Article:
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Manufacturing an RV isn’t easy, given just how much you have to contend with. From the elements to road conditions, finding an RV that is both durable and easy to maintain is nearly impossible! That’s why you may be wondering what the differences are between a TPO vs EPDM RV roof.
Which might be better between a TPO vs EPDM RV roof?
Choosing a TPO or EPDM roof depends on budget, and where you plan on camping. While EPDM is less expensive compared to TPO, TPO has a far greater resistance to hot temperatures. Likewise, EPDM performs much better in cold temperatures. However, both materials do well in an average climate and need similar levels of maintenance.
In this article, we will address everything you need to know about TPO and EPDM materials and how they work in an RV setting. We’ll go over what both of these materials are as well as which option might work well for you and your camping adventures.
Whether you are replacing the roof of your RV and need some options or plan on purchasing an RV with roof knowledge in mind, you’re in the right place! Let’s get started.
Only seeking specific knowledge or information surrounding TPO and EPDM? Use our table of contents to navigate to what you want to know!
What Is TPO?
Technically standing for thermoplastic polyolefin, TPO is a popular roofing material, both in the RV and standard residential roof world. Thermoplastic polyolefin is the chemical used to form these types of roofs, and they are always single-layer membranes when used for RV roofs.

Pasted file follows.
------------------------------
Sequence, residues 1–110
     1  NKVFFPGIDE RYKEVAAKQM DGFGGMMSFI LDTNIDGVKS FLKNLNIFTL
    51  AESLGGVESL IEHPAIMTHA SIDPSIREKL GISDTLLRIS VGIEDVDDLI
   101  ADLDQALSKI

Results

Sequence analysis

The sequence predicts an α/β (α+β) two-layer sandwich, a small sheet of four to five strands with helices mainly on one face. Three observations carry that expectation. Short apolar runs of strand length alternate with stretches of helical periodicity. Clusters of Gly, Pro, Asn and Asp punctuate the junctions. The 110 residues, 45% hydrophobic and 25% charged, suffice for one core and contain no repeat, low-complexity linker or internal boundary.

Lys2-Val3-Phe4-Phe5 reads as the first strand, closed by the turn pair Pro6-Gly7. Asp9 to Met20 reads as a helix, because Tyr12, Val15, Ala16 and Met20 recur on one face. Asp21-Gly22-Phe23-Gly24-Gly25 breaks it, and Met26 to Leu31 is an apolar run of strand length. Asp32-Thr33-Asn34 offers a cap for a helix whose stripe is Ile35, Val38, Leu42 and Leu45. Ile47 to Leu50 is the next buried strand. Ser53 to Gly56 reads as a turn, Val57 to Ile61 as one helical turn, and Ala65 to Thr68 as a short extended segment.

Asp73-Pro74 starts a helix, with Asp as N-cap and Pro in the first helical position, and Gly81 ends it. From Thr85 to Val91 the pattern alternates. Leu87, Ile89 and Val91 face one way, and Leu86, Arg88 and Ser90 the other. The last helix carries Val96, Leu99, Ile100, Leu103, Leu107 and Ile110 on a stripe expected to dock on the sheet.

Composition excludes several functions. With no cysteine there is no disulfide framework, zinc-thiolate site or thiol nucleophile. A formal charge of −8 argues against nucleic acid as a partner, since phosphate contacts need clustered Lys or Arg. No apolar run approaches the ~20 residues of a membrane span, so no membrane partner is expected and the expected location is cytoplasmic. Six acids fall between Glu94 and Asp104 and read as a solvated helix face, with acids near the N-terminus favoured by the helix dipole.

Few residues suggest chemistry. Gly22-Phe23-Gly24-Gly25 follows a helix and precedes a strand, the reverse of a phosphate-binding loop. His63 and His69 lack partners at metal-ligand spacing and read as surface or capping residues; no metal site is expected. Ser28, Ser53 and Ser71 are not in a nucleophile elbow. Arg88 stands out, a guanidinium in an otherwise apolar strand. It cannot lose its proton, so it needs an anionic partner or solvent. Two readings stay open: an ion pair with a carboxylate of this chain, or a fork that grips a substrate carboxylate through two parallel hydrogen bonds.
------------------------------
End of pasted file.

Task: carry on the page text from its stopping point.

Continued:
While TPO can be combined with fibers and other materials to enhance its strength, the basic chemicals used to manufacture TPO keep it flexible. This makes it ideal when used in an RV capacity, as the roof of your rig is constantly shifting while driving or during times of inclement weather.
Speaking of inclement weather, TPO is extremely valuable to RV manufacturers given its overall elasticity in varying temperatures. TPO is highly resistant to UV rays given its white color, allowing RVers to stay cool inside their rig despite the hottest of temperatures. Plus, RVs are constantly experiencing temperature changes, which makes TPO a good choice for RV roofs.
When Did RV Manufacturers Start Using TPO?
TPO is a fairly recent development in RV manufacturing, and it came to the US in the late 80s. It was revolutionary when it was introduced, as it is an inexpensive material that comes in a white color naturally. This means that there are no additional costs for altering the color of TPO for an RV roof.
Originally, TPO was designed for residential roofs that are flat and in need of weather resistance. The flexible material and natural UV resistance of TPO suited RV manufacturing perfectly! It was a no-brainer to use it in this capacity and TPO materials have only improved with RV performance in mind.